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St. Charles family law attorneyOnce your divorce is wrapped up, you and your family will embark on new journeys and a brand new way of life. When you and your ex-spouse share children, arrangements for parenting time and the allocation of parental responsibilities must be made, resulting in new routines and a lifestyle that you and your children were not previously accustomed to before the divorce. While these new arrangements can take some getting used to, they often result in happier, healthier homes and habits for you and your children.

Depending on your family situation, however, you may wish to take other people into consideration, such as grandparents, mentors, and close family friends.  Who will have visitation rights, and what will those rights look like? How will you determine which non-parents will spend time with your children, and how will you negotiate those parameters?

Non-Parent Involvement

If the visitation rights of non-parents are not addressed in the parenting plan, they can be granted by the court using the following guidelines:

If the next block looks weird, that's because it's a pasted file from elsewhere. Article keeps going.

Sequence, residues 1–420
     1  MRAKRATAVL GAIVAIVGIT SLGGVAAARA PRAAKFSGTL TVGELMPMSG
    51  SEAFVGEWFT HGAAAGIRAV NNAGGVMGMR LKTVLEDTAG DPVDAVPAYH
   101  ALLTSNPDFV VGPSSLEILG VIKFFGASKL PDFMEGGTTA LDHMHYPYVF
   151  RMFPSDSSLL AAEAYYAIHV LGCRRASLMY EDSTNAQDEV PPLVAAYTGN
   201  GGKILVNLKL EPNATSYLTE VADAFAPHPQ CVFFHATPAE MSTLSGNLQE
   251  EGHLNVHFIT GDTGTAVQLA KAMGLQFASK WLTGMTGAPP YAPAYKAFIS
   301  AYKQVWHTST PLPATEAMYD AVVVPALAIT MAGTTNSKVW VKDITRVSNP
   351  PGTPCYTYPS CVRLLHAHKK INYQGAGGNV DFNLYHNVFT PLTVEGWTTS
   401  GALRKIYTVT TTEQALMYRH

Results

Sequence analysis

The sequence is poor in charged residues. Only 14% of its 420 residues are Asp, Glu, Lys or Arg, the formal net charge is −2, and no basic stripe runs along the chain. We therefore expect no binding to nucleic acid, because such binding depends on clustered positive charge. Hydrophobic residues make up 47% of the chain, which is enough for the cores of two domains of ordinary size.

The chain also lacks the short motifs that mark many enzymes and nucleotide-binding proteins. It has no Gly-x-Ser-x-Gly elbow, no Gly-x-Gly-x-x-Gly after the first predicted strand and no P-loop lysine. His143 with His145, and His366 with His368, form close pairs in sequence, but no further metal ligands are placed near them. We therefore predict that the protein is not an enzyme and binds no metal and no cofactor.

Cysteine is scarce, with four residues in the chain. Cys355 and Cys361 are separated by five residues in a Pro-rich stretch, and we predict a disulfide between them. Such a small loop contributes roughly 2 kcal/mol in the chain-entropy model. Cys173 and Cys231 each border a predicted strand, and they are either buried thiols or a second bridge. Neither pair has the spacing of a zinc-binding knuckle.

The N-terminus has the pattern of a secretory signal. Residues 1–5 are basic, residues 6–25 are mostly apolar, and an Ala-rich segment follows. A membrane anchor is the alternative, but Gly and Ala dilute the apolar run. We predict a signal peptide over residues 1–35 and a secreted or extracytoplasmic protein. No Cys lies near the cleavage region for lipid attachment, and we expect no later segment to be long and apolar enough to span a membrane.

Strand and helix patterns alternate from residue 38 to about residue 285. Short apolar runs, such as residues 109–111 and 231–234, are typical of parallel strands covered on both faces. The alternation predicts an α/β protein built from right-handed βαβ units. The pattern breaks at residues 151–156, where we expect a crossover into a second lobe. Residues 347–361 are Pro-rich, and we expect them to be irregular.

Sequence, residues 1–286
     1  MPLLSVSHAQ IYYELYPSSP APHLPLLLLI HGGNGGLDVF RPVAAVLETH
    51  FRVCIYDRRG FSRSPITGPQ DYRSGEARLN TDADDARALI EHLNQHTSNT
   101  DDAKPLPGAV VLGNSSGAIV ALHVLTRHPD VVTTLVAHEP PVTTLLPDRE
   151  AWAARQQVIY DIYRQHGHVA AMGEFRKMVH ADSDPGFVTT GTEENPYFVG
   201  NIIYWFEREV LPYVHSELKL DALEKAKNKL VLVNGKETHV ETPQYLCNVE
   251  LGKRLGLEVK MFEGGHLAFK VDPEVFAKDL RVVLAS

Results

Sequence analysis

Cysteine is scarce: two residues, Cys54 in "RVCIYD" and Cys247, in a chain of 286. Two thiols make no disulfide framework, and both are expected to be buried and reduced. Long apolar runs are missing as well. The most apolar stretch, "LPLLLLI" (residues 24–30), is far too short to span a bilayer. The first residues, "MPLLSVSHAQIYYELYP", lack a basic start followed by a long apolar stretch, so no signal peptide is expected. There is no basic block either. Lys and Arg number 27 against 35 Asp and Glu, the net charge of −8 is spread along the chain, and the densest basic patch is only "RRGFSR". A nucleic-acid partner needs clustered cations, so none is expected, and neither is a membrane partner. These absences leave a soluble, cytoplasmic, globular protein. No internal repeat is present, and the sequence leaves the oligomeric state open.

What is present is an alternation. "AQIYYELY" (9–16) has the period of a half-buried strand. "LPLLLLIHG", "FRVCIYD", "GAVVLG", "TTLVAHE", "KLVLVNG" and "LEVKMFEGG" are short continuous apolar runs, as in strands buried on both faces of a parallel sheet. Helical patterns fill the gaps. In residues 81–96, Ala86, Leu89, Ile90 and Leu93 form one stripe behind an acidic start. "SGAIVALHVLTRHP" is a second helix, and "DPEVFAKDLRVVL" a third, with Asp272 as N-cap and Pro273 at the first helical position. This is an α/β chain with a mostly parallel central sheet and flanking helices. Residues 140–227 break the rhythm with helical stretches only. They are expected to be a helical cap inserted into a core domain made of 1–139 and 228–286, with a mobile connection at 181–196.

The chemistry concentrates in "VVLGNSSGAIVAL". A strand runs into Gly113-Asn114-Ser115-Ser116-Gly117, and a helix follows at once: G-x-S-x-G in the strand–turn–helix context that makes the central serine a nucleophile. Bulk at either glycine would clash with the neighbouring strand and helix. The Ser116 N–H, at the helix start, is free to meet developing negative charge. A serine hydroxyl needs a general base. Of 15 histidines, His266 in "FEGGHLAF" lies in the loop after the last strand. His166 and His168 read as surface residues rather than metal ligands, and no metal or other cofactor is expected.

Kane County family law attorney, legally incompetent, petition for visitation, visitation rights, grandparents rights, primary caretakerFamily dynamics are complicated. It is not uncommon for a parent to seek visitation rights following a divorce. However, a parent might not be the only family member who wants these rights.

After a divorce, a grandparent, great-grandparent or sibling might want visitation rights as well. There might also be other situations when a family member would petition for visitation, such as when he or she has been unfairly denied by one of the child’s parents.

If one parent has unreasonably denied visitation to a grandparent, great-grandparent or sibling, then one of these individuals may petition for visitation rights. In order for the petition to succeed, one of the following circumstances must exist:

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